thanks so much man. im still trying to figure this site out and I missed all these super helpful comments.Once,
Don't feel like a failure, you are anything but. It takes bravery to face ourselves head on and especially in an EMDR environment where we lose control (e.g. meaning we have NO idea what is going to surface and or how we will react). Walking into this unknown is a true act of bravery! Hold your head high, I know someone who needs EMDR but because they have seem several of my reactions refuses to do it because they don't want to face themselves per se.
Its okay if you couldn't look him in the eye either/shake his hand. You had to care for yourself after your session. Self Care is the priority and if he's as great as you think, he totally gets it.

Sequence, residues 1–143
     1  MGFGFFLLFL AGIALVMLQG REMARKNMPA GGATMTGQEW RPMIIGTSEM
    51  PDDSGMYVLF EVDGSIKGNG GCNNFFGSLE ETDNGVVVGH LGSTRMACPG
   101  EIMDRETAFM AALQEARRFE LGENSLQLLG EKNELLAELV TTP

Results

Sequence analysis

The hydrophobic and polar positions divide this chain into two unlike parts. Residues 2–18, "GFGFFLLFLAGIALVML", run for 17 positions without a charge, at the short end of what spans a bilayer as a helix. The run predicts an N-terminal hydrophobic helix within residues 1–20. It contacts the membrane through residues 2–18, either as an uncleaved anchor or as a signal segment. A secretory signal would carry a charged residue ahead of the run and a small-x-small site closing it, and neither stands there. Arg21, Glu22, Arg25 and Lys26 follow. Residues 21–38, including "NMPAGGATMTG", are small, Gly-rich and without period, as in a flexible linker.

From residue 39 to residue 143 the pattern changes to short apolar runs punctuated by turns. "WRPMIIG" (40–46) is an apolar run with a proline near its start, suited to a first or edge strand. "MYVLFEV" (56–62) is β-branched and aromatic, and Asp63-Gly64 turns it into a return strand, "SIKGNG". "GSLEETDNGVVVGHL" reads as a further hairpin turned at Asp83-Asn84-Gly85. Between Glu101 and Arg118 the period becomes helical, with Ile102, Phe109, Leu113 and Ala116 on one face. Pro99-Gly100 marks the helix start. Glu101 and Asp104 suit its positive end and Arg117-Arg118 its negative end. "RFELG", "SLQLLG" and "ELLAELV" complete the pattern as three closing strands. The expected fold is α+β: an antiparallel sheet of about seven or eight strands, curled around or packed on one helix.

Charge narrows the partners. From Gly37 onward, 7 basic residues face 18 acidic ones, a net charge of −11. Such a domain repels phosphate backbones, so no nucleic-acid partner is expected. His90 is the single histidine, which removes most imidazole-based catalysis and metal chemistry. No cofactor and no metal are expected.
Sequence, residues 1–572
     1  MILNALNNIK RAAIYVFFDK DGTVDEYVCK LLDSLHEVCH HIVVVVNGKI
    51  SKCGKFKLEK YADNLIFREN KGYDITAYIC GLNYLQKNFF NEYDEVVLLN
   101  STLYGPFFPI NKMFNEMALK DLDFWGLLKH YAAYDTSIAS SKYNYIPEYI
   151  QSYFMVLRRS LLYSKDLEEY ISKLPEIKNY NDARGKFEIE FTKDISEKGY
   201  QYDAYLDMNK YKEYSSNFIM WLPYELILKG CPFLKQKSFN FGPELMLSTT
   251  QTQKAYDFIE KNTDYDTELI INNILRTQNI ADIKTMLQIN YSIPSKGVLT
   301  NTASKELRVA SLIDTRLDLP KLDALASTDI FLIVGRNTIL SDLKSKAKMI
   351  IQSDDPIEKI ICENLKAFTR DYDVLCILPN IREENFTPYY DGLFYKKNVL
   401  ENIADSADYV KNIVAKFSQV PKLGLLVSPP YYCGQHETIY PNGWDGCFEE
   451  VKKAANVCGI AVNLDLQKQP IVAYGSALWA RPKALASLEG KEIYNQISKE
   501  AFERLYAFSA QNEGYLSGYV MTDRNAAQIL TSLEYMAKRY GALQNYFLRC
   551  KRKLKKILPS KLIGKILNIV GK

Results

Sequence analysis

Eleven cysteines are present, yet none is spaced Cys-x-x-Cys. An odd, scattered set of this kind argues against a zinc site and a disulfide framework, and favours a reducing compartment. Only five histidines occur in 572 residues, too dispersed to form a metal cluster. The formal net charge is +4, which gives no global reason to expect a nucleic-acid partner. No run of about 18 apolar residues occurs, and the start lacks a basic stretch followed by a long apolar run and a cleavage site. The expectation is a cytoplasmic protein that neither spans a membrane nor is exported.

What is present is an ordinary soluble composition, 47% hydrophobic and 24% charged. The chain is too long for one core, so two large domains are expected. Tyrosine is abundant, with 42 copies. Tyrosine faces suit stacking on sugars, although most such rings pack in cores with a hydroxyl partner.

You were in an extremely vulnerable emotional state, its normal. I'm actually impressed that you can share/show this vulnerability in front of your therapist. Take the win! I don't ever have these moments until I'm back home. There have been times my wife has found me curled up in a ball in a closet hysterical as a result of EMDR, the emotional flooding just being too great. You've got this!
That’s what my T does. He says it’s really helpful. I should try that. Thanks for the advice!I began running for the health benefits. I now run 3 times a week (3 miles) for the emotional benefits. It's peaceful to be quiet with my own thoughts on the streets when its dark and very few are up and moving. It's very therapeutic.
I try to gym at least 2 times a week. and exercise regularly during the day in my office. makes for interesting faces as coworkers walk by...“Big boys don’t cry” biggest most harmful thing my parents did to me. Well beyond abandoning me to the hands of their childhood friend, elder in our church and then the assistant scoutmaster because they were too busy.
Move and workout while you can some of us waited and soothed with food to the point at 60 I feel it with every step. Swimming did help though- time to get back in the pool...